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Violence against women and girls: significant challenges in El Salvador

Challenges in El Salvador

22 March 2010

GENEVA (22 March 2010) – The UN Special Rapporteur on Violence against Women, Rashida Manjoo, warned Saturday that the recommendations made by her predecessor six years ago* to the Salvadorian authorities “are still applicable and relevant.” Ms. Manjoo shared her views and recommendations in a public statement prepared at the end of a three day follow-up visit to El Salvador**.

While acknowledging that the country “has come a long way in institution building and human rights protection since the end of the twelve year civil war in 1992,” the independent expert expressed her concern “at the significant challenges that continue to exist in the area of violence against women and girls” in El Salvador.

Assessing the current situation of violence against women and the State response to such violence, Ms. Manjoo quoted her predecessor’s 2004 report: “Impunity for crimes, the socio-economic disparities and the machista culture foster a generalized state of violence, subjecting women to a continuum of multiple violent acts, including murder, rape, domestic violence, sexual harassment and commercial sexual exploitation.”

“My discussions with both State and non-State actors, as well as the testimonies I have heard, reflect the continuing accuracy of this reality in El Salvador today,” said the independent expert mandated by the UN Human Rights Council to monitor violence against women, its causes and consequences.

“Of particular concern to me,” Ms. Manjoo said, “is the growing prevalence and forms of such violence, especially the alarming rise in the numbers of murders of women and girls and the brutality inflicted on their bodies, which is often accompanied by kidnapping and sexual assault.

The UN Special Rapporteur noted other forms of violence were identified and continue to be prevalent and pervasive: “Domestic violence, sexual abuse against women and children in the home and the community, violence and sexual harassment in the workplace, particularly in the maquila sector and the domestic sphere, police-related violence and sexual commercial exploitation.”

Ms. Manjoo drew attention to the overcrowding and unsanitary conditions in the women’s prison that she visited in El Salvador, and also noted “the situation of women and girls in the domestic and maquila sectors, including those working in their homes for the maquilas without a contract, which were described by some interlocutors and direct testimonies as a modern form of ‘human slavery.’”

The UN independent expert also focused on the issue of abortion, noting that “the interpretative conflict between the constitutional provisions and the Penal Code has led to the criminalization of abortion, which is having a direct impact on the current high rates of maternal mortality and adolescent pregnancies, and thus denies women and girls the right to control their bodies and their lives.”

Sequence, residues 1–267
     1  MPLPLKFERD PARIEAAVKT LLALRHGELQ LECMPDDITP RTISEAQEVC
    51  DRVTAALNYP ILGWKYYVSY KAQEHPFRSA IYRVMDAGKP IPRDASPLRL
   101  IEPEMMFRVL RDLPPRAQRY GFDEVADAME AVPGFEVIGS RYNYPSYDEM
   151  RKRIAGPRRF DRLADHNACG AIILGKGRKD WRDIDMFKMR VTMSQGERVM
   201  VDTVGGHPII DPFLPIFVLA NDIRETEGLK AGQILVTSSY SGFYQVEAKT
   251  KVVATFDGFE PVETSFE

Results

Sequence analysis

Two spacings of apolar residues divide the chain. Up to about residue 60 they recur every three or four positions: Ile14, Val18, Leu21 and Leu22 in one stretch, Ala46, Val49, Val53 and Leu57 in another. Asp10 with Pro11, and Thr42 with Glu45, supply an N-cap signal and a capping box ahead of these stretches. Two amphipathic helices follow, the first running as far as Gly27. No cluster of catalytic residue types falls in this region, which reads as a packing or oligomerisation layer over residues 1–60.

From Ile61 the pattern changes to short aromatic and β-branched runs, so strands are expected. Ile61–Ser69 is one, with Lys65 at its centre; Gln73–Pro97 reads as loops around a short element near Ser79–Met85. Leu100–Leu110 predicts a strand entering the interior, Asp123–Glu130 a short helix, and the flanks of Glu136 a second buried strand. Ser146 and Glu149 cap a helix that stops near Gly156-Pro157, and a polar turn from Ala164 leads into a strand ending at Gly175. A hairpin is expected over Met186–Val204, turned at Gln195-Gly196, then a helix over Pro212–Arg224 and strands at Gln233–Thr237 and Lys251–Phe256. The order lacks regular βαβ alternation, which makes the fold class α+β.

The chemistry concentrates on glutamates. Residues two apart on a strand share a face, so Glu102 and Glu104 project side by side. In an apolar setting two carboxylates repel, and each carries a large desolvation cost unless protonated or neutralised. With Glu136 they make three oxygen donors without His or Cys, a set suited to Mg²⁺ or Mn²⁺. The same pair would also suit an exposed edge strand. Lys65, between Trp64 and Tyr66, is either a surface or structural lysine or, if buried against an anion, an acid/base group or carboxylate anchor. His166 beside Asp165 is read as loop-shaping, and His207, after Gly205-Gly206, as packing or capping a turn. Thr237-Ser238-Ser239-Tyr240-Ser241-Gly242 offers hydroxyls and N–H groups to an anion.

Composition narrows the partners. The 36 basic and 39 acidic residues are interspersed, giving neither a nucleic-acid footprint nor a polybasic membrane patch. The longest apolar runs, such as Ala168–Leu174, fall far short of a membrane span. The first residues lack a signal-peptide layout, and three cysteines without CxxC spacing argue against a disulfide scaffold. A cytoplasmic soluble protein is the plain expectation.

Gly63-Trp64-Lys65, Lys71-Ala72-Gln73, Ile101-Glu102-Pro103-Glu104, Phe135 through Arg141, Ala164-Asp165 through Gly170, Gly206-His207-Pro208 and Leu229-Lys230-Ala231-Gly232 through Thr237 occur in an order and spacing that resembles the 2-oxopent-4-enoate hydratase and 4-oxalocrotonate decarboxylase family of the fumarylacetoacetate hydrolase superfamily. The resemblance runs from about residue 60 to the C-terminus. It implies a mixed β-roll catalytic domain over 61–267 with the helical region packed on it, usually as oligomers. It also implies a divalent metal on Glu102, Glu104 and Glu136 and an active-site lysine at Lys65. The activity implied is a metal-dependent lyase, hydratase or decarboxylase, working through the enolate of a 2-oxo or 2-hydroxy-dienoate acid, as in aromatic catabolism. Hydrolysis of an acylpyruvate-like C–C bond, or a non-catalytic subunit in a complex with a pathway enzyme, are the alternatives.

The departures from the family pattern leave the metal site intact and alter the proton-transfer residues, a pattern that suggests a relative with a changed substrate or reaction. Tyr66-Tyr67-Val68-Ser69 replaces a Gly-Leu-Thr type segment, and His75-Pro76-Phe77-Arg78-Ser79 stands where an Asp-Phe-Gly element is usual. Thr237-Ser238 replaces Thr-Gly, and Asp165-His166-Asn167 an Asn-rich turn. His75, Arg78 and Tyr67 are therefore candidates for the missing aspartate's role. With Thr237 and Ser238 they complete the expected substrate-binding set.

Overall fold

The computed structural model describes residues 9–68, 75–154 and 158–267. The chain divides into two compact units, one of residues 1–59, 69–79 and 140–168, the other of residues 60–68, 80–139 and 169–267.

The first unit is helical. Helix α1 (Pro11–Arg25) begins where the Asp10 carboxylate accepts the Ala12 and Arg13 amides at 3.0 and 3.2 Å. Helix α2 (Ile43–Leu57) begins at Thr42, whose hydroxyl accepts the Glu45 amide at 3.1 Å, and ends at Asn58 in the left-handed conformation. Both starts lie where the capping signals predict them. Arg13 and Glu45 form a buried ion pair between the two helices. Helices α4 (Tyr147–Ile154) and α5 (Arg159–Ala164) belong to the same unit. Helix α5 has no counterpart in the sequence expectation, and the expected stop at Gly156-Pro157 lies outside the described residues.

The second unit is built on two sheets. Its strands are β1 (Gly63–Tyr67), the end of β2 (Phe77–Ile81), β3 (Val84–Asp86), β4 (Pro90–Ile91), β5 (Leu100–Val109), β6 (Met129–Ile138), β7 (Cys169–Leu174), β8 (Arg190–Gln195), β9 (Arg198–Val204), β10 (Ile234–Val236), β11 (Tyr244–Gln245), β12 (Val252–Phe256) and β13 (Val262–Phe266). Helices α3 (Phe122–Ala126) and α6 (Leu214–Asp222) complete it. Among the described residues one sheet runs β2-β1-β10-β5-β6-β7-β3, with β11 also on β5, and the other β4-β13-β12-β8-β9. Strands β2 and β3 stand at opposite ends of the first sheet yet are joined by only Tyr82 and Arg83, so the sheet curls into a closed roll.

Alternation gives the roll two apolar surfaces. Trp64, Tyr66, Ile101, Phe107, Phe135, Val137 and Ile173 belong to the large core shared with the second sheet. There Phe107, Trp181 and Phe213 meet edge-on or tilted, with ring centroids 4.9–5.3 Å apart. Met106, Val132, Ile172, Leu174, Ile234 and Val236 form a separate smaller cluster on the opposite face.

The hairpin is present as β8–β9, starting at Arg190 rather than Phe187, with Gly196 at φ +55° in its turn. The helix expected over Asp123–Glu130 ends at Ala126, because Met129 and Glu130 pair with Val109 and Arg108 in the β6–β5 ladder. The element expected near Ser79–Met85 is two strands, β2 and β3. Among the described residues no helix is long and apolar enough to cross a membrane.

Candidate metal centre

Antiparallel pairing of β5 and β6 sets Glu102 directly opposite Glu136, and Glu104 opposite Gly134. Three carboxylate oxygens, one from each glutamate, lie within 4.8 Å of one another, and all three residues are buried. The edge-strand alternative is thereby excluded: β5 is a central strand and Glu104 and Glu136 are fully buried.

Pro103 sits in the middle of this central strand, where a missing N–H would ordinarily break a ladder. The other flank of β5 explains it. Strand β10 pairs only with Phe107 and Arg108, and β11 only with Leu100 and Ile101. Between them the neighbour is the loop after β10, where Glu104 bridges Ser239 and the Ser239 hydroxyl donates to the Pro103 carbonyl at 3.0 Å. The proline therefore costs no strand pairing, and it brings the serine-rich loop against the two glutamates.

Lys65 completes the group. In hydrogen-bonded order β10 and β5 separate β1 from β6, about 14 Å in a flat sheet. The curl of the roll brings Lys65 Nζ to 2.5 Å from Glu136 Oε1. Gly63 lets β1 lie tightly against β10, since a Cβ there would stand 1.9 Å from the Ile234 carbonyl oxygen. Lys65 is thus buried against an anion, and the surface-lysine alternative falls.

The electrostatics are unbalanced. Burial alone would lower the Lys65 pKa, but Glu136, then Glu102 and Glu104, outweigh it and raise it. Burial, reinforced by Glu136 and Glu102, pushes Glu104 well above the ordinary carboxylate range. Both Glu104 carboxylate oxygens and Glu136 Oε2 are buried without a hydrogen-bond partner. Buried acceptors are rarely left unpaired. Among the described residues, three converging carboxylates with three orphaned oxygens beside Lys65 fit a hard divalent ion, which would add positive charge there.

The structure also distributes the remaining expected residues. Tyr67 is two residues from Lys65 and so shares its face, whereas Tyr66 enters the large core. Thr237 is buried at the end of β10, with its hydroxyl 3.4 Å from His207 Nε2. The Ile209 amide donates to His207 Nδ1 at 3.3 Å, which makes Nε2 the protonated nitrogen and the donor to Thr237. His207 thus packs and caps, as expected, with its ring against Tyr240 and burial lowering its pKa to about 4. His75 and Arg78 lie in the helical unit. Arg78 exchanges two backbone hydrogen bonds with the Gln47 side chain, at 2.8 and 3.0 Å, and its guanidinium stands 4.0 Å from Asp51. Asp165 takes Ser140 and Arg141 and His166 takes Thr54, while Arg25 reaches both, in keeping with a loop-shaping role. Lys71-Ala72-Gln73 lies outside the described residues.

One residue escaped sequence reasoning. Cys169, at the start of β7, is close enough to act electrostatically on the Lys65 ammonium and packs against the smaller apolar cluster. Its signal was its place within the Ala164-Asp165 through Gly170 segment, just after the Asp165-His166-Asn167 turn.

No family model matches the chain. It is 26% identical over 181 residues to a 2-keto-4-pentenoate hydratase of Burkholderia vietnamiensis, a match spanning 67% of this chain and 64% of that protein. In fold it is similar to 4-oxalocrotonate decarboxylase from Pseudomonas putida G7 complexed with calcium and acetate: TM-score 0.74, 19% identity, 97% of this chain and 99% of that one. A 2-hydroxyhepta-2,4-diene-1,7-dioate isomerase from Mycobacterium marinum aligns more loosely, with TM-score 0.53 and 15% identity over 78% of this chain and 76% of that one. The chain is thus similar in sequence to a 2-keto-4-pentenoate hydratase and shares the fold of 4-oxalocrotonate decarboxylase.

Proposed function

According to her predecessor’s report: “The criminalization of abortion is discriminatory primarily for poor women, as women of higher social standing are said to have access to other options for dealing with unwanted pregnancies.”

In her preliminary recommendations to the Salvadorian authorities, the UN Special Rapporteur on Violence against Women reiterated the need to take action under five broad categories:

· Create a gender-sensitive information and knowledge base, including through the creation of a statistical commission.
· Ensure the protection of women and girls through legislative, investigative and judicial reforms, including though the establishment of a specialized investigation and prosecution unit on femicides.
· Strengthen institutional infrastructure, including through the allocation of appropriate resources in order to enable sustainability and effectiveness.
· Initiate further training and awareness programmes.
· Monitor and enforce international and regional human rights standards.

In June this year, Ms. Manjoo will present a comprehensive report with her findings and recommendations to the UN Human Rights Council.

Ms. Rashida Manjoo (South Africa) was appointed Special Rapporteur on Violence against Women, its causes and consequences in June 2009 by the United Nations Human Rights Council for an initial period of three years. As Special Rapporteur, she is independent from any government or organization and serves in her individual capacity. Ms. Manjoo is also a Professor at the Department of Public Law at the University of Cape Town.

(*) Check the 2004 report by the Special Rapporteur Yakin Ertürk:

(**) End-of-visit statement by the UN Special Rapporteur on Violence against Women Rashida Manjoo: